Leaving the military can be a significant transition, whether you’ve been in the service for years or decades. It is crucial to prepare properly and ensure the best chances of success when transitioning to civilian life again. You should ensure you have a good support system in place and that you’re making the choice for the right reasons.
You will also need to consider what your life will look like when you’re no longer part of the military. Here are some of the best steps to take to make the transition straightforward.
Decide What Work You Want To Do
Consider your strengths to find what kind of employment you would excel in. Security and police work are common career choices for vets, as their time in the military gives them a lot of experience in handling high-stress situations. Healthcare is another popular choice.
Have A Full Physical
Get a comprehensive overview of your physical health. Have a physical before you leave the military, so you know what to expect once you’re out, particularly if you have been injured during your service. Ensure you take care of your physical health, stay active once you leave, and eat a balanced, healthy diet.
Start building your savings before you leave the military. Ensure you have a healthy cushion to live on while transitioning back to civilian life. When you find employment, save as much as you can.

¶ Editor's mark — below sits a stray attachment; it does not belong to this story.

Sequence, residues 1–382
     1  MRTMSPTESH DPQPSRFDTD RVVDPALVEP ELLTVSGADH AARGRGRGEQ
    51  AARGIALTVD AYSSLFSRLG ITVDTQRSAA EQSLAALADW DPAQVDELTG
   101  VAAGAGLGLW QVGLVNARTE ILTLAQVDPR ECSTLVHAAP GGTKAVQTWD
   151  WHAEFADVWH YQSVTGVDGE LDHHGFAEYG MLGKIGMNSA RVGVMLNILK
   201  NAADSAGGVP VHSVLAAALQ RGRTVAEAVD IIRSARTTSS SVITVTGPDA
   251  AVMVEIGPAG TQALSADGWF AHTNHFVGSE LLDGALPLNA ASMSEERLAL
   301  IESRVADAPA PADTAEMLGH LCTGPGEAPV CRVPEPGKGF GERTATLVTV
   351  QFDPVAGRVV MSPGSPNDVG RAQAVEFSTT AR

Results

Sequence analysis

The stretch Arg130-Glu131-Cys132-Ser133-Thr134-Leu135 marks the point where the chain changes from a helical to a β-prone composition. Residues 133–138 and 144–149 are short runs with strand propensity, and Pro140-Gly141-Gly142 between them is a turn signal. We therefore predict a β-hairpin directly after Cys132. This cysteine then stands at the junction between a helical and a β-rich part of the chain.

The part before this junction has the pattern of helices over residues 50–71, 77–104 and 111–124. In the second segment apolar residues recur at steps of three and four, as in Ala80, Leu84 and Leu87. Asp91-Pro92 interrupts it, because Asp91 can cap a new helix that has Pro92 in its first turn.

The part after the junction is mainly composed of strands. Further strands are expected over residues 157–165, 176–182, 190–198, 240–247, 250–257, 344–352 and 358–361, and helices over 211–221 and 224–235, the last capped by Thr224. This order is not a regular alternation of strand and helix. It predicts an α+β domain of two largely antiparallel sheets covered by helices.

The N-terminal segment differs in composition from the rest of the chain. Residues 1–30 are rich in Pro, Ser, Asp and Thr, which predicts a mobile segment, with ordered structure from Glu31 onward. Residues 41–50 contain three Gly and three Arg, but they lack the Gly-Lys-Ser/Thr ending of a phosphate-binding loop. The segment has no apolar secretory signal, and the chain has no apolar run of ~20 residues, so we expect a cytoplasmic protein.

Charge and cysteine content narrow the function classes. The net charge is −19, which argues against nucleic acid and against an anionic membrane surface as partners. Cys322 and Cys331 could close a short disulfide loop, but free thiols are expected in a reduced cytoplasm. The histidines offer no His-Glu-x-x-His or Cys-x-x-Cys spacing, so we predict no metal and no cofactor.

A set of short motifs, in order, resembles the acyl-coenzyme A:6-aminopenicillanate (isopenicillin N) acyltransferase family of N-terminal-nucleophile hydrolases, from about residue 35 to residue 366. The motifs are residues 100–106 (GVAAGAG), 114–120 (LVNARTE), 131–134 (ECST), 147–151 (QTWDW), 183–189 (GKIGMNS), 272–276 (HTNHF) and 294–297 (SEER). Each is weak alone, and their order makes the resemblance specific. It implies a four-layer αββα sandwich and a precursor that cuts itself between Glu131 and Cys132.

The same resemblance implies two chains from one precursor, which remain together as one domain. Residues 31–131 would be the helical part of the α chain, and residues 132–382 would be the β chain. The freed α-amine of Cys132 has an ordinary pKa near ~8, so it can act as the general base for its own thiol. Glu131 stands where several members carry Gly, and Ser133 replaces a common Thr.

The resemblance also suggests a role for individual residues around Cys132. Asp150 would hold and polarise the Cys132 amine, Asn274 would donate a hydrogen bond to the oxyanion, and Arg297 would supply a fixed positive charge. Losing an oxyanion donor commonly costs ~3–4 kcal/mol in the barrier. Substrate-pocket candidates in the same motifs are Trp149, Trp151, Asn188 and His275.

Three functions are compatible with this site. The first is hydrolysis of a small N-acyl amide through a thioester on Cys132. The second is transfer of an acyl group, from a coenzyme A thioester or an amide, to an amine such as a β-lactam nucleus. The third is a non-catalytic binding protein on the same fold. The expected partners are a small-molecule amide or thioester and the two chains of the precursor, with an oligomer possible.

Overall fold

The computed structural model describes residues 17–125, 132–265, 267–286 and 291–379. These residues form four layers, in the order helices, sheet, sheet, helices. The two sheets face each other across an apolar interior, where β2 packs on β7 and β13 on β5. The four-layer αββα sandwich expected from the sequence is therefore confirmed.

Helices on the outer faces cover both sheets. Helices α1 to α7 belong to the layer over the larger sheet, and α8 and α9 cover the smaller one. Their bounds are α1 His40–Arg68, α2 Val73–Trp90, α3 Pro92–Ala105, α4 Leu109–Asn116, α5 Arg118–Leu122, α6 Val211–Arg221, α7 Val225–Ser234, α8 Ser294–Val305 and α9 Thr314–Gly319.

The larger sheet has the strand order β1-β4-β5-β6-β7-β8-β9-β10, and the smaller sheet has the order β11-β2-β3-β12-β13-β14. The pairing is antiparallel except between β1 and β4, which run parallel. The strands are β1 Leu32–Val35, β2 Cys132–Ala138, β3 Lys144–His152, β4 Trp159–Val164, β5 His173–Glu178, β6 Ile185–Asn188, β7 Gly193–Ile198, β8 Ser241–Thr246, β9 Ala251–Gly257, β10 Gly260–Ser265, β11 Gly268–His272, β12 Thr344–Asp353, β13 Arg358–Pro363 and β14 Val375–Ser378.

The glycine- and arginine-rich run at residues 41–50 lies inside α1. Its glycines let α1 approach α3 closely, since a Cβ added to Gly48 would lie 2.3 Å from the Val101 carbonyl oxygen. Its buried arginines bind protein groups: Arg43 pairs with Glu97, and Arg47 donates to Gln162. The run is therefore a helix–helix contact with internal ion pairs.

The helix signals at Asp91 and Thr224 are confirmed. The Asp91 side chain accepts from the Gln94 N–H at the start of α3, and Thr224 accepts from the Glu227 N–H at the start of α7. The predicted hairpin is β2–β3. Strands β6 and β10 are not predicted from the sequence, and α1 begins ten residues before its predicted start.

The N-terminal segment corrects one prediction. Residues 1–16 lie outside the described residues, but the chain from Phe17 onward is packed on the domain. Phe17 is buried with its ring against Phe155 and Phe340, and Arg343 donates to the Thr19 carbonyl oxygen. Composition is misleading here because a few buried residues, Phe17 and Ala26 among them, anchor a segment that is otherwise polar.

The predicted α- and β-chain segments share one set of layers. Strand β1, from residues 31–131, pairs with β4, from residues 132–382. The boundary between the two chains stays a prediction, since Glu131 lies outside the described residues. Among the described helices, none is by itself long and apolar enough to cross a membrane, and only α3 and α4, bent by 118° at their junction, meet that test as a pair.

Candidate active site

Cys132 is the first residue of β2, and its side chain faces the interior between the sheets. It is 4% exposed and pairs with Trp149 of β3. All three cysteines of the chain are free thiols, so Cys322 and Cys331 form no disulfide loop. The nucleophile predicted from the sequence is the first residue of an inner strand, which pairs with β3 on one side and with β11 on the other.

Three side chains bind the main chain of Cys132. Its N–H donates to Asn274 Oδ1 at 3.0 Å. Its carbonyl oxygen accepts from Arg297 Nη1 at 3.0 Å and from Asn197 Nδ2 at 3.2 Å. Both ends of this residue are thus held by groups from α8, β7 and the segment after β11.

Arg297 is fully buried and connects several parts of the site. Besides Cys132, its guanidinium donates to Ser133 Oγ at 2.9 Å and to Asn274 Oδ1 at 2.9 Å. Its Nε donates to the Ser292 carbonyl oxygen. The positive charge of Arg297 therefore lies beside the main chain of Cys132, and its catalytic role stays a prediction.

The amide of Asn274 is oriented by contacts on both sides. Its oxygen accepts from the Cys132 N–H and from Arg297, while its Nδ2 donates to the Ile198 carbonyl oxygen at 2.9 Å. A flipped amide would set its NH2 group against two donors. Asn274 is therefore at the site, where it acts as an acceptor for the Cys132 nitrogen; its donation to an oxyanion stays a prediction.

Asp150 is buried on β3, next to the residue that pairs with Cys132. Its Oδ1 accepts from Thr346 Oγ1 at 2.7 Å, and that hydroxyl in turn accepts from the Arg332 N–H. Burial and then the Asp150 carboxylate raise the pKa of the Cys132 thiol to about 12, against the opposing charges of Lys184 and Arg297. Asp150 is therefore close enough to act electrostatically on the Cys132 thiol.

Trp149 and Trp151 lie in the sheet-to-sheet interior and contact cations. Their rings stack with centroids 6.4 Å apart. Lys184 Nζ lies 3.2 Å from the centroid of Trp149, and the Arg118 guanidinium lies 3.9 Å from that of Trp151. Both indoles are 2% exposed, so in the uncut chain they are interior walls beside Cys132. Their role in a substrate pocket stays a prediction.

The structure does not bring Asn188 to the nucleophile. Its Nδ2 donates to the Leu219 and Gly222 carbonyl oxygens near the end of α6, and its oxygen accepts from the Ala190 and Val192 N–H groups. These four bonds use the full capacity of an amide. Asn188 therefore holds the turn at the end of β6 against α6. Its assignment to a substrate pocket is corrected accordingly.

Buy A Home
Leaving the military allows you to put down roots. Buy a home to set up a permanent base for you and your family. There are home loan providers who offer loans to veterans to help them onto the property ladder, even if they haven’t got much of a down payment. Check out Hero Loan for more information.
Join In Civilian Life
Reconnect with civilian life and immerse yourself in the wider world. Attend different events and get used to the ‘civilian’ language again.
Take Care Of Your Mental Health
Talk to a counsellor or therapist to help you through the transition. Moving from military to civilian life can be a significant change, and having the help of a mental health professional to work through your feelings and concerns can be invaluable. If you’re affected by PTSD or any other mental health condition related to your service, seeking mental health care is crucial.
Consider Returning To Education
Many educational institutions offer discounted or free training, college degrees and upskilling to veterans. Research local schools to see what they offer. Take advantage of the transitional training provided by the military.
Prepare Your Family For The Transition
The transition can be hard on all members of the family. Discuss your decision with your partner and children and explain why you’ve decided to leave the service. Let them know what your next steps will be, and let them have input.
Gather Memories Of Your Time Serving
Keep your uniform, photos, medals, and other memorabilia safe for the future. The military is an integral part of many serving and former personnel, so keep the memories you have safe. Take photos in your last months in the service to show your kids and grandkids and to keep the memories fresh.